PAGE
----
The ruling class has been shaken to the core by the multi-million strong mass anti-government uprising in April–July last year which forced former President Gotabhaya Rajapakse to flee the country and resign, and his government to collapse. Social media was the main means for communication and mobilisation used by the masses in this struggle. Wickremesinghe is determined to stifle these forms of communication.

The trade union bureaucracies, backed by pseudo-left groups, betrayed the working-class movement, subordinating it to the parliamentary opposition parties and their campaign for an interim capitalist government. While this created the conditions for the ruling elite to temporarily stabilise Sri Lankan capitalism, the moves to entrench a presidential dictatorship underscore its fear of another social explosion.

Throughout this year, workers have come forward in numerous strikes and protests against the government’s IMF austerity attacks on jobs, wages and pension cuts, and in opposition to privatisation and unbearable price increases. As the World Bank reports, poverty is expected to hit 28 percent of Sri Lanka’s total population this year, up from 25 percent in 2022.

The trade union bureaucracies are doing everything they can to dissipate workers’ anger and prevent the eruption of mass struggles. While using these betrayals to deepen his government’s attacks, Wickremesinghe knows he cannot rely solely on the union bureaucracies and is rapidly moving to strengthen his autocratic powers.

The Samagi Jana Balawegaya (SJB), the main bourgeois opposition party, has declared that it will take legal action against the OSB. Janatha Vimukthi Peramuna (JVP) parliamentarian Vijitha Herath has also said his party will take the Supreme Court action against the new bill.

These political organisations are blatantly hoodwinking the masses. The leaders of both these parties, whether in government or in opposition, unwaveringly backed the PTA and other repressive laws during Colombo’s war against the LTTE to suppress the Tamil minority, the working class and youth.

Both parties are fully committed to the IMF’s austerity demands. They know that the Supreme Court might propose cosmetic changes to the new bills but that the government will use its majority to ram these bills through parliament. In power, these parties would not hesitate to use these laws against a mass movement of the working class and the rural masses.

The working class cannot rely on the opposition parties and the trade union bureaucracies to defend its democratic and social rights. That is why the Socialist Equality Party (SEP) calls on workers and young people, including students, to take the initiative.

The working class must mobilise independently of every faction of the bourgeoisie and supporters in the trade union bureaucracies and the fake left. We urge youth to turn to the working class. The fight for jobs, wages, pensions, and social rights, including health and education, is part of the struggle to defend democratic rights.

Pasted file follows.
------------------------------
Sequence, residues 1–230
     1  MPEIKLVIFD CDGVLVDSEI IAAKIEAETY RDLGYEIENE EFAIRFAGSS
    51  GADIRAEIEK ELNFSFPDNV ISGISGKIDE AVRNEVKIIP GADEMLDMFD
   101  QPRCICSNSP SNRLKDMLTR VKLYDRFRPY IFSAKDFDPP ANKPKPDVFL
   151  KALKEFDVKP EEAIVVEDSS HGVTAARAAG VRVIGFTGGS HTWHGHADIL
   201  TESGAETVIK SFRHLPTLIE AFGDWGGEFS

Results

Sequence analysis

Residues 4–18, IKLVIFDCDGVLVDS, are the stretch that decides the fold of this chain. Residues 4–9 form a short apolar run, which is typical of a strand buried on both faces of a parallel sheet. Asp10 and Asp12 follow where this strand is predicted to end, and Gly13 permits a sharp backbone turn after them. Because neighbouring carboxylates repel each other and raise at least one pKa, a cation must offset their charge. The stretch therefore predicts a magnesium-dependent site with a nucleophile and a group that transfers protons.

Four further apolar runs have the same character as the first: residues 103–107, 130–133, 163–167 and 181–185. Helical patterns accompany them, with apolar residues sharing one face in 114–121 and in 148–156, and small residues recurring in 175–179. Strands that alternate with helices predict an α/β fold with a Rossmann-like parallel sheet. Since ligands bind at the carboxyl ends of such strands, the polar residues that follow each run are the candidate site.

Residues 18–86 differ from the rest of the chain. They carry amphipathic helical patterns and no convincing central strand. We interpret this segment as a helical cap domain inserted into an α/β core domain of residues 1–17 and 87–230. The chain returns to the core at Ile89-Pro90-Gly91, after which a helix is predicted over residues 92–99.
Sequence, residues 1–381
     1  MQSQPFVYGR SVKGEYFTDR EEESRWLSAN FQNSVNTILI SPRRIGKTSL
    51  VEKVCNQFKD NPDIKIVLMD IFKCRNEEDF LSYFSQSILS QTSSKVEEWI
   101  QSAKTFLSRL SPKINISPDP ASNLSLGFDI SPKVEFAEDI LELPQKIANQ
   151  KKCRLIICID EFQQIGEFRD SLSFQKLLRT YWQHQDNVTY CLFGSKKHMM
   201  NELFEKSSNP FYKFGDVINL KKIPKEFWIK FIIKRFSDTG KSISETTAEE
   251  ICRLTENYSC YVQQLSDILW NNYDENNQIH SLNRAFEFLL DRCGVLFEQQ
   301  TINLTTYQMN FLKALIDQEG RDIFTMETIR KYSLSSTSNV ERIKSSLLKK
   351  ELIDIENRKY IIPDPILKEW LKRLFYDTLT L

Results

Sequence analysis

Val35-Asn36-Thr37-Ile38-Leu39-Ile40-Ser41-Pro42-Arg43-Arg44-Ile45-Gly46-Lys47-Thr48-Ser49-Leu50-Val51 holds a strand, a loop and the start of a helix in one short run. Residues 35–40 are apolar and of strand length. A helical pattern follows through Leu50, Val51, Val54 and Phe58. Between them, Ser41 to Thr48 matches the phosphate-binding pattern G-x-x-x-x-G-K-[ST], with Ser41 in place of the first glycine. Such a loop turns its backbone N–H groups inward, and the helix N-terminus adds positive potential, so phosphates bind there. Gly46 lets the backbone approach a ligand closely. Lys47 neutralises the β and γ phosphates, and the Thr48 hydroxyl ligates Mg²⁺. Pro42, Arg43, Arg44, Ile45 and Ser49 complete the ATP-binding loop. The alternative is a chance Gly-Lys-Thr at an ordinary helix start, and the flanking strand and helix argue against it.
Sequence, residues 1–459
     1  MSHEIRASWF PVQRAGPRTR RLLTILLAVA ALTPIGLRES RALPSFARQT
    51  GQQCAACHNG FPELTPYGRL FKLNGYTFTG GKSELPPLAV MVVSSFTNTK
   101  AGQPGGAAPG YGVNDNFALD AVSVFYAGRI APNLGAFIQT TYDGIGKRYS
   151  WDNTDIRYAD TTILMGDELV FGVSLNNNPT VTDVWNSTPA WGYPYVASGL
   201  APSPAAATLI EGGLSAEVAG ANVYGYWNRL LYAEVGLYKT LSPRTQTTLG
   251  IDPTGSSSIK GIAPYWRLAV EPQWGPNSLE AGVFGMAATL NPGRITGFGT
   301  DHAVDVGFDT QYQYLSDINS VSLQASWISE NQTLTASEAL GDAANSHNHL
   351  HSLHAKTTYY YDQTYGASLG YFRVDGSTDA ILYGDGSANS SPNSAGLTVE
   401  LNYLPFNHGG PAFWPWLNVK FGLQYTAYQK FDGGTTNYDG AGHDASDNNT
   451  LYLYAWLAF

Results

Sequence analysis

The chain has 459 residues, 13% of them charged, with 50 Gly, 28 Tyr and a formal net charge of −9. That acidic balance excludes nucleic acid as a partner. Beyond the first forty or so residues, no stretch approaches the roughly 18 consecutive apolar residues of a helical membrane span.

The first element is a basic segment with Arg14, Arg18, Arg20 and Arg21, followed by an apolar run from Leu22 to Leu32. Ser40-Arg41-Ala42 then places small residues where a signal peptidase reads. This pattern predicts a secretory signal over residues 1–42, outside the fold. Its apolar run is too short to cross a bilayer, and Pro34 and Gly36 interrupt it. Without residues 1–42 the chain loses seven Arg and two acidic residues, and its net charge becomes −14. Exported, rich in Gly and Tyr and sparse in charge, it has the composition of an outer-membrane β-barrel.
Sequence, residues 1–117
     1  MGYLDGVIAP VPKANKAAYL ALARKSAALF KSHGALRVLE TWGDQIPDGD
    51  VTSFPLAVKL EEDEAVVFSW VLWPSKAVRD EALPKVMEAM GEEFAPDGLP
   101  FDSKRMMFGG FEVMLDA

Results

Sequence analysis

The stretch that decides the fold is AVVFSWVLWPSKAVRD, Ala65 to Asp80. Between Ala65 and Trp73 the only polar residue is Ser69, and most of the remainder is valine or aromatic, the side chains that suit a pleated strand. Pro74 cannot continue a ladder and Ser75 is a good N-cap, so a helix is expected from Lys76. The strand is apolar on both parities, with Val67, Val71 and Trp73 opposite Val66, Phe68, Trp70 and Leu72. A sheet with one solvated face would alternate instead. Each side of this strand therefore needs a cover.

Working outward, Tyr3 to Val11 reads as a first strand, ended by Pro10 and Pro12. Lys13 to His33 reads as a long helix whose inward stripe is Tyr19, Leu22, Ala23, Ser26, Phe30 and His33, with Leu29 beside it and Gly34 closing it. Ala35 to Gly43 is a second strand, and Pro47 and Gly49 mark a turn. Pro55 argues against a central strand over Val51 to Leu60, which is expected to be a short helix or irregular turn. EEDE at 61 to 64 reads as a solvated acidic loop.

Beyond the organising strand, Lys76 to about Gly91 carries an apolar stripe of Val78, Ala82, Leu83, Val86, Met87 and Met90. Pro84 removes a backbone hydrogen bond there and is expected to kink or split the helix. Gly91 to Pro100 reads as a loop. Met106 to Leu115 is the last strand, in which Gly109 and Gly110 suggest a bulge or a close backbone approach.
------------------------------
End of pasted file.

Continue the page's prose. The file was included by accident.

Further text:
Just as social media platforms were used in the past to communicate freely, discuss and organise class actions, so they must be used to initiate a wide-ranging discussion on the impact of these draconian laws on their struggles and their rights.

We call upon workers to form independent action committees in every factory, plantation, neighbourhood, and other major economic centres, and for the rural masses to establish their own action committees. The Sri Lankan working class is an integral part of the global working class and needs to unite with their international class brothers and sisters to take forward this struggle.

The turn by the Wickremesinghe regime and the capitalist class towards dictatorial forms of rule in Sri Lanka is not an isolated development. The crisis-ridden ruling elites everywhere—from major imperialist powers to underdeveloped countries—are adopting autocratic forms of rule and bolstering extreme-right forces to suppress the unfolding working-class struggles. Capitalism offers only war, fascism, worsening social inequality and poverty.

To begin the struggle to defend democratic rights we demand: Abolish the Executive Presidency! Repeal of all repressive laws, including the Public Security Act and Essential Public Services Act! No to the OSB and the ATB!

To defend all social rights, it is necessary to reject IMF austerity; repudiate all foreign debts; seize the wealth of the super-rich; and nationalise the major banks and corporations under democratic workers’ control.

The Wickremesinghe government must be brought down, and a workers’ and peasants’ government established to implement the socialist policies. These include the re-organisation of production and distribution under workers’ control to end the poverty facing millions, the provision of jobs for all on a livable wage, guaranteed fertiliser subsidies and the cancellation of the debts of poor farmers, and free health and education with modern facilities for all.

That is why the SEP is calling for a Democratic and Socialist Congress of Workers and Rural Masses based on delegates democratically elected from their action committees. The congress will provide the basis to unite the working class and rally the rural poor in a common struggle for this socialist program.